Figure 13
figure 13

SEM testing of pressed concrete blocks. (a) P0 group specimens. (b) P10 group specimens. (c) P20 group specimens.

Figure 13a reveals the presence of numerous “mesh” calcium-silicate-hydrates (C–S–H) gels and “needle-shaped” ettringite (Aft) in the test parts. The calcium–silicate–hydrates (C–S–H) gel encapsulates the ettringite (Aft), the hydration products lap each other to form a dense skeleton. The overall structure appears to be relatively dense, but there are many pores. Figure 13b demonstrates that when the doping amount of PAC waste residue is 10%, ettringite (Aft) is reduced in the specimen. The reduction in ettringite (Aft) will result in a weakening of the skeletal support of the structure and the strength will be reduced. The reason for the decrease of calcium alumina is that on the one hand, Ca2+ and SO42− decrease due to the replacement of cement. On the other hand, the large amount of Al2O3 contained in the PAC waste slag, which slowly dissolves to produce AlO2− ions during the age of 28 days, and the increase in the concentration of AlO2− promotes the transformation of ettringite (Aft) as follows:

C3A + 3CaO·Al2O3·3CaSO4·(30–32)H2O + H2O → 3CaO·Al2O3·CaSO4·(30–32)H2O(AFm)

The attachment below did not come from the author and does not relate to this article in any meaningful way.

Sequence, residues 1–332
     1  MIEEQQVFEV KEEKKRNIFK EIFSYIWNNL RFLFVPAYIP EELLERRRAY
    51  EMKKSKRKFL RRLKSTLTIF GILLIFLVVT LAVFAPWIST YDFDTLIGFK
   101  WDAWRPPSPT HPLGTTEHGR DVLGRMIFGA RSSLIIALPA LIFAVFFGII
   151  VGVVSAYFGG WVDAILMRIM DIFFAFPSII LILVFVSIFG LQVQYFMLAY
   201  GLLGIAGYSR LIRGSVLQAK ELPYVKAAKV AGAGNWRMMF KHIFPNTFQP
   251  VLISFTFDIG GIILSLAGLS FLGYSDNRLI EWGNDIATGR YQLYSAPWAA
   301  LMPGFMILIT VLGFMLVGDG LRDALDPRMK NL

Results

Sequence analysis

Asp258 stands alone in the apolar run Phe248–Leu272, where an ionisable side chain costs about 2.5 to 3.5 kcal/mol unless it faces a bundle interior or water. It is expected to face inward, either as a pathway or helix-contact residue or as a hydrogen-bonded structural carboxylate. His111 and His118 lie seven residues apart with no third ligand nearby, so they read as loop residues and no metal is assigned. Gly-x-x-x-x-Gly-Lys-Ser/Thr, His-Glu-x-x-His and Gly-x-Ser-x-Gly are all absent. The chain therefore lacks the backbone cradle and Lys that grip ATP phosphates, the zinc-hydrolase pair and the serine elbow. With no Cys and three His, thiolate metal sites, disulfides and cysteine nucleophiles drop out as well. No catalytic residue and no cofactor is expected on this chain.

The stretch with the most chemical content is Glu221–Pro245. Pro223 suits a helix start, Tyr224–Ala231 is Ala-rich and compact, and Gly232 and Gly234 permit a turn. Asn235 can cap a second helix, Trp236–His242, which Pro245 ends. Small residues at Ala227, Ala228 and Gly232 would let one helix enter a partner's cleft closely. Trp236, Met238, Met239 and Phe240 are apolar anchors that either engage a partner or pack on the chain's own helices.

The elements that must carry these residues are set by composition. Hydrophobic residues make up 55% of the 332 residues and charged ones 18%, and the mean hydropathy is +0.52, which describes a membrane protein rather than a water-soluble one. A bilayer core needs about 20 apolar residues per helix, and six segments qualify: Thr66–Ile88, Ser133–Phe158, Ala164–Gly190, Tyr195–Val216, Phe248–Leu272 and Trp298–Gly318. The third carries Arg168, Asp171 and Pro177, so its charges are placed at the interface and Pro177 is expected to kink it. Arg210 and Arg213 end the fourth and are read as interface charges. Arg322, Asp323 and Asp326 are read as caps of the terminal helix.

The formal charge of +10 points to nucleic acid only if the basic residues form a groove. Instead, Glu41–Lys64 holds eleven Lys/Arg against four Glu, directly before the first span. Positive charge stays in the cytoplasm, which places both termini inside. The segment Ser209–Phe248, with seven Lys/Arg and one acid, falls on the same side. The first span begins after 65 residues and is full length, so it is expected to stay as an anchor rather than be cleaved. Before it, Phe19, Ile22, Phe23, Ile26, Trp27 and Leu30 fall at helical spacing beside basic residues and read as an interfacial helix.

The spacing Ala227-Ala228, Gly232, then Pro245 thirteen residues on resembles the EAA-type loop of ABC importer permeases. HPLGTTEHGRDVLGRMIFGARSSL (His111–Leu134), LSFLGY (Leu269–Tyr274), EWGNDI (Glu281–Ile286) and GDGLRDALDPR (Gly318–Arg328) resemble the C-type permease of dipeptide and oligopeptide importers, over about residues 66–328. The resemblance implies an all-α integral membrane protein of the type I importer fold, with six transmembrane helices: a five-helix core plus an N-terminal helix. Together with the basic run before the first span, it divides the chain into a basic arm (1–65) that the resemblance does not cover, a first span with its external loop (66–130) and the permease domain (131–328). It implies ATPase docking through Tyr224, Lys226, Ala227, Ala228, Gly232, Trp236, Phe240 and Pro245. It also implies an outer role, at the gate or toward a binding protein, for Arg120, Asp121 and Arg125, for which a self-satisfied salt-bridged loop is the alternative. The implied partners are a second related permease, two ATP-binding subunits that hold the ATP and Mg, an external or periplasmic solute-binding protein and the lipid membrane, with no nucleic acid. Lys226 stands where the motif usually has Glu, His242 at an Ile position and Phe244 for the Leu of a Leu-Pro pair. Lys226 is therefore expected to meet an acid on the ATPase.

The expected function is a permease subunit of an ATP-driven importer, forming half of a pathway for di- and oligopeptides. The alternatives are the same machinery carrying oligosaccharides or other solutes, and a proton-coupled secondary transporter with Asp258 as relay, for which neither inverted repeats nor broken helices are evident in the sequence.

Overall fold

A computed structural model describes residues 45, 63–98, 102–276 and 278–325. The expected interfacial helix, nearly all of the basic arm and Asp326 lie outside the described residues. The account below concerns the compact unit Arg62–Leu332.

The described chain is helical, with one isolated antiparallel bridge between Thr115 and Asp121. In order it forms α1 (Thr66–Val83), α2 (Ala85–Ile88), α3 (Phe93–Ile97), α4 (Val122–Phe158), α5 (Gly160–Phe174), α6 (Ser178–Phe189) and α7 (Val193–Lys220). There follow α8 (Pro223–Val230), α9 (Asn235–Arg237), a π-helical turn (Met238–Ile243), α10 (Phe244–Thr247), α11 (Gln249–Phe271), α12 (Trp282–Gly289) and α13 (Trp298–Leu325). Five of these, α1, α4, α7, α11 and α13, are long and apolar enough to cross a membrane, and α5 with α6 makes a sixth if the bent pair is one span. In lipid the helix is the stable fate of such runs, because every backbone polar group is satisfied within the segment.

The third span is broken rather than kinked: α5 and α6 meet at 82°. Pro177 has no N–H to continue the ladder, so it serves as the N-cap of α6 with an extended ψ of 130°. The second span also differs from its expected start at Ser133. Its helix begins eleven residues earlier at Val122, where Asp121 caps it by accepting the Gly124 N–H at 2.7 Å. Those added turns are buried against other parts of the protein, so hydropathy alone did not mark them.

Small substitution of cement by PAC waste results in a reduction of hydration products, but the microaggregate effect of the PAC particles allows the microstructure to remain dense, pores is reduced. This indicates that the substitution of cement with small amount of PAC waste residue does not cause a significant reduction in cement hydration products, and the microstructure remains relatively dense compared to the reference group. This is because the adopted PAC waste residue is below the particle size of 0.075 mm, enabling it to fill the pores in the transition area and the cement matrix, thus optimizing the overall pore structure of the system. The Al2O3 and SiO2 present in the PAC waste residue can undergo hydraulic reactions with Ca(OH)2, resulting in the formation of gel substances. Therefore, when the doping amount of PAC waste residue is 10%, the mechanical properties and frost resistance performance remain satisfactory without significant deterioration. However, Fig. 13c indicates that when the PAC waste residue is doped at 20%, the quantity of ettringite (Aft) significantly decreases. When the dosage of PAC waste residue is large, On the one hand, a large amount of CaO in cement undergoes a hydration reaction to form Ca(OH)2, the reduction of cement dosage, decrease in Ca(OH)2 from hydration, and the alkali content in the cement paste is reduced; On the other hand large dosage of PAC waste residue, PAC waste residue dissolved SiO2, Al2O3 increased. Weakly alkaline slurry will limit the full participation of the PAC waste residue in the reaction. There are free PAC waste residue particles that do not participate in the reaction, resulting in more inert components in the cementitious material. In the case of the same water consumption, it is equivalent to increasing the water–cement ratio. Therefore, although the free PAC slag particles can play a certain role in filling, due to the actual water-cement ratio is too large, the porosity of the paste structure is very large, resulting in a reduction in the compressive strength of concrete.